Google Assistant and the company's associated Home-branded devices are undoubtedly the best smart home hubs on the market and learning how to use them is fairly straightforward. By comparison to Apple's Siri or Amazon's Alexa, it's barely a contest. But the capabilities of those Assistant-enabled devices are also far-reaching. So there's quite a lot to learn for new owners, almost as soon as the Home app has been downloaded and the devices connected via the on-screen instructions.
Learning what your Google or Nest smart home device is all about
Getting started with Google Assistant and either Google Home or Nest-branded smart home devices is a fairly easy affair. But there are a few tips and tricks that more generally come with trial and error. Some experimentation will still be needed to get the most out of Google or Nest Home smart devices.
Fortunately, some of the guesswork can be taken out of the process with just a short read. At Android Headlines, we spend a lot of time examining and experimenting with Google Assistant. A significant amount of that is spent with both Google and Nest Home devices.
Placement will change how you use these devices
One of the big first decisions to make when getting acquainted with Google Assistant as it pertains to smart home hubs is where to put the device. Whether that's a Google or Nest Home Mini, Home, Home Max, or a screen-equipped Hub or Hub Max, there's a lot to consider.
These devices are, unequivocally, versatile. They'll serve widely different purposes depending on what room they're in. In a bedroom, for instance, the best use would arguably be for media playback, controlling an in-room television, acting as an alarm clock, or getting you ready for the day.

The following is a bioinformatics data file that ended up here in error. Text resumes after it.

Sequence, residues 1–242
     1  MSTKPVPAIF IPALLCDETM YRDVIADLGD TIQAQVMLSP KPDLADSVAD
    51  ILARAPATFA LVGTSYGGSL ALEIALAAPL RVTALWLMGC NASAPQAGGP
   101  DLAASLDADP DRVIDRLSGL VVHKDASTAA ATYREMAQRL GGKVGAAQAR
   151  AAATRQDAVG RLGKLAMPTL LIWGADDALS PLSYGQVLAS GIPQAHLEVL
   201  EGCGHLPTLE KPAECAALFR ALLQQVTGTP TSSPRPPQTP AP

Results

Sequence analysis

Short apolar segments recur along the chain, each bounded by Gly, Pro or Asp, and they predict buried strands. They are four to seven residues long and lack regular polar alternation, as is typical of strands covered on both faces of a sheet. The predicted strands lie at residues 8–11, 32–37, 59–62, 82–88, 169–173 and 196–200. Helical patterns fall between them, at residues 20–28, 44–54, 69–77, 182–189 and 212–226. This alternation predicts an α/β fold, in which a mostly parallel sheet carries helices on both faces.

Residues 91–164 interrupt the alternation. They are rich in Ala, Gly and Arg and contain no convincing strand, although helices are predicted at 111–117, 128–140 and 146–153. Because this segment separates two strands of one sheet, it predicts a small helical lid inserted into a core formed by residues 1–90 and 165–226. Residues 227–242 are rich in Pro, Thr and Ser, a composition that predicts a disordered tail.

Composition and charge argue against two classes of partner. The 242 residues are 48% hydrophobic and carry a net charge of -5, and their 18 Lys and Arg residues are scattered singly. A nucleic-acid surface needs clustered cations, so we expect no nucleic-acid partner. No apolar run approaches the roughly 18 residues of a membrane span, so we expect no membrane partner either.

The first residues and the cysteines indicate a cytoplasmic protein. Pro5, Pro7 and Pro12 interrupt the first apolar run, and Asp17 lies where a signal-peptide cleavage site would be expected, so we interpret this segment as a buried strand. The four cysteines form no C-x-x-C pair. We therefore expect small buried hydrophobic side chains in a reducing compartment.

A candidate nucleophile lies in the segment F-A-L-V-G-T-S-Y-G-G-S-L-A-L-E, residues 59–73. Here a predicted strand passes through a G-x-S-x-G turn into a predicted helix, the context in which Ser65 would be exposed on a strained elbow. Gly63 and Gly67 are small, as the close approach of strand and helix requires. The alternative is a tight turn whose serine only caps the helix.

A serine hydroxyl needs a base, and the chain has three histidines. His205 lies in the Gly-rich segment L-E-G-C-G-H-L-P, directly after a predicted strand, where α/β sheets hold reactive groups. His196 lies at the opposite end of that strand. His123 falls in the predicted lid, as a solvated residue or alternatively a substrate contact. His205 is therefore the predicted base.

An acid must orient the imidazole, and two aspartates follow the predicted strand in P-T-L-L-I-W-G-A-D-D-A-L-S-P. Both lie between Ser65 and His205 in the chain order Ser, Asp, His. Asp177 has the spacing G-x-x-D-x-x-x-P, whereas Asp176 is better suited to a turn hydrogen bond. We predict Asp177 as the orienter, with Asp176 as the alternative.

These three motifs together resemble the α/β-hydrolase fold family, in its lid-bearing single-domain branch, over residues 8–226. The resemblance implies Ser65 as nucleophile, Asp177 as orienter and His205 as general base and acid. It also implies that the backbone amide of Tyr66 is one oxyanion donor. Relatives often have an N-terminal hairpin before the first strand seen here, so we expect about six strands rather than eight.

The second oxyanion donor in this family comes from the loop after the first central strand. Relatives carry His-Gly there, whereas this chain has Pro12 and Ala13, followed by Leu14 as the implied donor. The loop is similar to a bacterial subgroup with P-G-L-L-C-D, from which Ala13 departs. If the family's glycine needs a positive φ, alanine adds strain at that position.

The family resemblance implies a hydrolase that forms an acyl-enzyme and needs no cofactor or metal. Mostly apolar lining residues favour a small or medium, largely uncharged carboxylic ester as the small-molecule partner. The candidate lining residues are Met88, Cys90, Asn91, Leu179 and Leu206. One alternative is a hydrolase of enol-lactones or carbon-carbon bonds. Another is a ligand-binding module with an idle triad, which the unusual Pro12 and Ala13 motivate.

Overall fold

A similar purpose, without the alarm clock functionality, could be served by placing Google's Home or Nest devices in a bathroom. There, they might also serve well with timers, morning briefings, and other similar tools, helping to smooth over the morning routine.
In that situation, there are also plenty of bathroom-based smart home devices that can be integrated. That includes appliances like smart showers and lighting.
In the living room, entertainment functionality would be more of a focus. Meanwhile, in the kitchen, recipe-based features, timers, and more. In fact, for some, it may be better to buy more than one device for use throughout the home.
Fortunately, Google's array of smart home gadgets is easy to move and set up. So some experimentation can be accomplished before settling on a more permanent placement. As a general rule of thumb, it's usually best to avoid placing the devices too near to or far away from the router.
Placing the devices where they'll be easily heard and easily recognize commands is equally important. Finally, it's a good idea to place the device where touch interactions are easy to accomplish if the device being installed is "Hub" branded or otherwise has a screen.
The process of getting set up after any of the given devices is plugged in is well-explained in-app once the Google Home app is downloaded, as per in-app instructions. But there's a lot more to getting this device ready than just setting it and forgetting it.
That's especially true where more than one smart home device has been placed in a single home or business. and it goes well beyond the basic walkthrough within the app for creating a "home" or device groupings.
For example, Google sets the default language based on region. So, in the US, that will be English. But that follows the language setting for Assistant, with each instance connected across displays and devices. So not only can the language be changed to any of dozens of languages. It can also be set to respond to two different languages.
That's accomplished by opening up the Assistant, tapping the compass-shaped explore icon, and then finding the three-dot menu icon. Within that menu, under the Settings option, choosing to "Add a language" allows more than one language to be chosen.
There are several different variations on the voice that's used too, so that can be made more comfortable. That's accomplished in the settings for the app. If Google Assistant says things too quickly, that can be solved by asking it repeat things more slowly.
By opening the Google Home app, moving to settings and clicking "More settings" it's also possible to provide Google with a Nickname and a phonetic spelling of any given name. That way, it addresses individual users, alongside voice match and recognition, in a bit more of a personalized manner.